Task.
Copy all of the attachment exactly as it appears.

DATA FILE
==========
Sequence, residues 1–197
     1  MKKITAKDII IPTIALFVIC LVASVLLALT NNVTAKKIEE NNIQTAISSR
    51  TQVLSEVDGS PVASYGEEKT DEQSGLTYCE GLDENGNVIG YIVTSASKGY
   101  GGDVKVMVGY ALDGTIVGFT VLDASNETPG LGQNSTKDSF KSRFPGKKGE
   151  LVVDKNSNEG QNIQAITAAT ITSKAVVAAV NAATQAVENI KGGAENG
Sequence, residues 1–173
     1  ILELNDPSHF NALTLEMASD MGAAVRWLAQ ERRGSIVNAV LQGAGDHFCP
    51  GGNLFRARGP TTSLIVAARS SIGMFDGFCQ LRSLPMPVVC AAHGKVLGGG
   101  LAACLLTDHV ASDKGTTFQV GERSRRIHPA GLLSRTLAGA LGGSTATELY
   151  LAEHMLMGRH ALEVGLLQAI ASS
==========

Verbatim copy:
Sequence, residues 1–197
     1  MKKITAKDII IPTIALFVIC LVASVLLALT NNVTAKKIEE NNIQTAISSR
    51  TQVLSEVDGS PVASYGEEKT DEQSGLTYCE GLDENGNVIG YIVTSASKGY
   101  GGDVKVMVGY ALDGTIVGFT VLDASNETPG LGQNSTKDSF KSRFPGKKGE
   151  LVVDKNSNEG QNIQAITAAT ITSKAVVAAV NAATQAVENI KGGAENG
Sequence, residues 1–173
     1  ILELNDPSHF NALTLEMASD MGAAVRWLAQ ERRGSIVNAV LQGAGDHFCP
    51  GGNLFRARGP TTSLIVAARS SIGMFDGFCQ LRSLPMPVVC AAHGKVLGGG
   101  LAACLLTDHV ASDKGTTFQV GERSRRIHPA GLLSRTLAGA LGGSTATELY
   151  LAEHMLMGRH ALEVGLLQAI ASS